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Financial Literacy for Small Businesses

If your financial literacy is a bit shaky, you’re in good company. Approximately 40% of all small business owners surveyed report that they don’t truly understand their company’s financials, even after running their business for years.

Managing financials faithfully and accurately offers many benefits to you as a small business owner. Having a solid working knowledge of bookkeeping, projections, financial statements, reporting and financing can help you make sound business decisions. It is one of the main ways to gauge your success as a business owner and tells you if you are making a profit. Financial management can also help you decide what you can afford in terms of new investments in employees, equipment and inventory.

But that’s just for starters. Mastering financials provides you with the tools you need to plan for your business long term, including diversifying your product lines, reaching new markets and adjusting pricing for maximum competitiveness and profits. It can also help you control costs, further increasing revenue while significantly reducing overhead.

Suppose your business requires financing down the road to fuel expansion or bridge difficult times. In that case, sound financial management will help you document your need for a loan and help you qualify for a better loan at more favorable rates because your lender knows you understand what you’re getting into.

This is what this series of modules is all about. Developed initially by the Small Business Administration and the Financial Deposit Insurance Corporation (FDIC), we’ve added the sage advice from business owners who have been in your shoes.


Using this Guide

You probably don’t need to go through the entire series from start to finish. You can poke around here and there to pick up tips and skills related to specific aspects of small business finances. If you are new to the idea of business finance, you may want to start and the beginning and work your way through the modules. Some of the skills and terms mentioned in earlier modules are referenced later on.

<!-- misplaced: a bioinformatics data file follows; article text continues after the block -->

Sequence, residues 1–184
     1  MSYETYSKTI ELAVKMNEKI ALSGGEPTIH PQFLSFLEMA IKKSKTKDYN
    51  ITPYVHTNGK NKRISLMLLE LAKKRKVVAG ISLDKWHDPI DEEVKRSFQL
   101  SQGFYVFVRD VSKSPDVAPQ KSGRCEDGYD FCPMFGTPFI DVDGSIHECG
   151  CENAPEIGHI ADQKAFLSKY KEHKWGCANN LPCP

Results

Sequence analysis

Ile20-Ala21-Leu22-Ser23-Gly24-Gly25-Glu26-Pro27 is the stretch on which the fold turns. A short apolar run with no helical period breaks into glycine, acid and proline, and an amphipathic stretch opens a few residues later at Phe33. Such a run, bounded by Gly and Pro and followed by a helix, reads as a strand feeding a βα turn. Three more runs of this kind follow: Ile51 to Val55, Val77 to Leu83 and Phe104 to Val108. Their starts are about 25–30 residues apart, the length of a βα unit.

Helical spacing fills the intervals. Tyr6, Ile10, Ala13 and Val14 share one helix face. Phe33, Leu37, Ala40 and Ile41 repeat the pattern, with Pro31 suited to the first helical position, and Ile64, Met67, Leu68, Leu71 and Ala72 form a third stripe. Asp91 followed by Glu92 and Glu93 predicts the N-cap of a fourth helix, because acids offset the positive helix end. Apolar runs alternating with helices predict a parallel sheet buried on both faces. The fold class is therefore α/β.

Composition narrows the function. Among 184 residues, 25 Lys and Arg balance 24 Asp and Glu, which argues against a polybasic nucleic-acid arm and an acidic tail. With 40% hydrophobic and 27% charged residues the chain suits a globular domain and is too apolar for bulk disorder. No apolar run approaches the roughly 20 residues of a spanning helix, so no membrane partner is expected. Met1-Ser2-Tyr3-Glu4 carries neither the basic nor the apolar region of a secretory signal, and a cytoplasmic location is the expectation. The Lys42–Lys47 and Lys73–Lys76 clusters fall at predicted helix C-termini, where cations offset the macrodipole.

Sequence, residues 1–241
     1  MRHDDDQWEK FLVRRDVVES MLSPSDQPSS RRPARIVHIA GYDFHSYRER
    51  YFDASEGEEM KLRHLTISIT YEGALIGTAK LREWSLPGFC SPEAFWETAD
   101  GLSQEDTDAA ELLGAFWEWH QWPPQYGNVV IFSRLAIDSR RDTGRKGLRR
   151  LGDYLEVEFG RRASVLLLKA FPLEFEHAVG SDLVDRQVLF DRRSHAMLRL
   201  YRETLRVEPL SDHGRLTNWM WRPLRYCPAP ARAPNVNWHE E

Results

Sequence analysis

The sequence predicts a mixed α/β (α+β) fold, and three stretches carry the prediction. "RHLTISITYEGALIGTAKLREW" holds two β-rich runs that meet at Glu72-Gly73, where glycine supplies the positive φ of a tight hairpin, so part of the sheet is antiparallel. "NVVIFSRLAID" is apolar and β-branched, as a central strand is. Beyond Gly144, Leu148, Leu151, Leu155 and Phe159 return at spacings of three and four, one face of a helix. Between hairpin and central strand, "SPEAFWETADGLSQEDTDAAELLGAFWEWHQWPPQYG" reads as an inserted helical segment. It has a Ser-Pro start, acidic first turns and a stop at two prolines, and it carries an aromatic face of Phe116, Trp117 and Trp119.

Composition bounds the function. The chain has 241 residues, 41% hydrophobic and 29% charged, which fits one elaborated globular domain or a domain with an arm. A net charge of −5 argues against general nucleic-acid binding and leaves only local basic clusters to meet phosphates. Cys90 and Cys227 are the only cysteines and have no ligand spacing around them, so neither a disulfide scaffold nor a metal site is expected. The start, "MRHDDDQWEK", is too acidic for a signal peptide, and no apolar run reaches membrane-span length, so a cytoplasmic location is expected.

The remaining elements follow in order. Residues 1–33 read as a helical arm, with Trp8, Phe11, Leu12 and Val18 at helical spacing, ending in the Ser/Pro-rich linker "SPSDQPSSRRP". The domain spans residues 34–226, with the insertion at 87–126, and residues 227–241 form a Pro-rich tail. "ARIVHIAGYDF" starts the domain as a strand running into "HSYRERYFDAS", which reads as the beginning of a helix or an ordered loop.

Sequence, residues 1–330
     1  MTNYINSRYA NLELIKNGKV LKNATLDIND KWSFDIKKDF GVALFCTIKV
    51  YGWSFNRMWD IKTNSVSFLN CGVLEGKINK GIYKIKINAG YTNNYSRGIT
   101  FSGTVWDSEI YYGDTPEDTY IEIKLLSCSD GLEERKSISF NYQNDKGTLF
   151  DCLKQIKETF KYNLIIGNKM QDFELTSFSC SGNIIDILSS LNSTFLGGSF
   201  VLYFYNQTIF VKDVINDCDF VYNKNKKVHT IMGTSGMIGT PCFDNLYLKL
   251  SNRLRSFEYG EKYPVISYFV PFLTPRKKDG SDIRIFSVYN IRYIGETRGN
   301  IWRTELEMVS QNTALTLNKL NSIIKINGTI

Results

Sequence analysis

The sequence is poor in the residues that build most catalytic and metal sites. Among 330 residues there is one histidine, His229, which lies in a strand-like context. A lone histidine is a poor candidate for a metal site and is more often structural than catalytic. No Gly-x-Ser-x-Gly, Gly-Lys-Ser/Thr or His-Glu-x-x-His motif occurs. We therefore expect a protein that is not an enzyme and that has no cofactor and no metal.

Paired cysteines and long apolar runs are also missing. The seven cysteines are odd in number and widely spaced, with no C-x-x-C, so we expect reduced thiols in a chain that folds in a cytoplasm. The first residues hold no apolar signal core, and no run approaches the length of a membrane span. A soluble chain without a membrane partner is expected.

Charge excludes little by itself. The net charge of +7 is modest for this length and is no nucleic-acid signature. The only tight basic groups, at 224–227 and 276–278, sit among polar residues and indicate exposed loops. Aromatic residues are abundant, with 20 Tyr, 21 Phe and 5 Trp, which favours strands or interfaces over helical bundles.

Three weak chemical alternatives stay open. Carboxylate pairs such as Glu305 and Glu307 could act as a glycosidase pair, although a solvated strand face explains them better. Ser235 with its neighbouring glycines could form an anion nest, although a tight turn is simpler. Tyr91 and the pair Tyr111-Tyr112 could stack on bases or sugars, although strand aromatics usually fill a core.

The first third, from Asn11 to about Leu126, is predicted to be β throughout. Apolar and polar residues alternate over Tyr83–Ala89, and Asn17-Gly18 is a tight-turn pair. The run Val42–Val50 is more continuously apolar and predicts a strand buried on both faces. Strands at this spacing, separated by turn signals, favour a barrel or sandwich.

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These training materials are intended as general guidance only and may or may not apply to a particular situation based on the circumstances. The materials do not create any legal rights or impose any legally binding requirements or obligations on the Federal Deposit Insurance Corporation (FDIC), U.S. Small Business Administration (SBA) and the Washington State Department of Commerce.

The FDIC, SBA and Commerce make no claims or guarantees regarding the accuracy or timeliness of this information and material. The content of this training material is not designed or intended to provide authoritative financial, accounting, investment, legal or other professional advice which may be reasonably relied on by its readers. If expert assistance in any of these areas is required, the services of a qualified professional should be sought.

Reference to any specific commercial product, process, or service by trade name, trademark, manufacture, or otherwise does not constitute an endorsement, a recommendation, or a preference by the FDIC, SBA or Department of Commerce.